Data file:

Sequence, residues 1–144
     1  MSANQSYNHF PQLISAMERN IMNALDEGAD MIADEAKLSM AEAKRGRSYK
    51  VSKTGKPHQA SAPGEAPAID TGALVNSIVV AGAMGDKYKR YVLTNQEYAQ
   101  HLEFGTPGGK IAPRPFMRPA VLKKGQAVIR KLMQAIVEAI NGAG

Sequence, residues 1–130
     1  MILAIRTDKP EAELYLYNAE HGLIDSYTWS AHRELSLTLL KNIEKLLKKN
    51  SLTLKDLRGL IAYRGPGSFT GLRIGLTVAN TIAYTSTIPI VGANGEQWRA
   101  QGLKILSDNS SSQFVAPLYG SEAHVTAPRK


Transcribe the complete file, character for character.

Sequence, residues 1–144
     1  MSANQSYNHF PQLISAMERN IMNALDEGAD MIADEAKLSM AEAKRGRSYK
    51  VSKTGKPHQA SAPGEAPAID TGALVNSIVV AGAMGDKYKR YVLTNQEYAQ
   101  HLEFGTPGGK IAPRPFMRPA VLKKGQAVIR KLMQAIVEAI NGAG

Sequence, residues 1–130
     1  MILAIRTDKP EAELYLYNAE HGLIDSYTWS AHRELSLTLL KNIEKLLKKN
    51  SLTLKDLRGL IAYRGPGSFT GLRIGLTVAN TIAYTSTIPI VGANGEQWRA
   101  QGLKILSDNS SSQFVAPLYG SEAHVTAPRK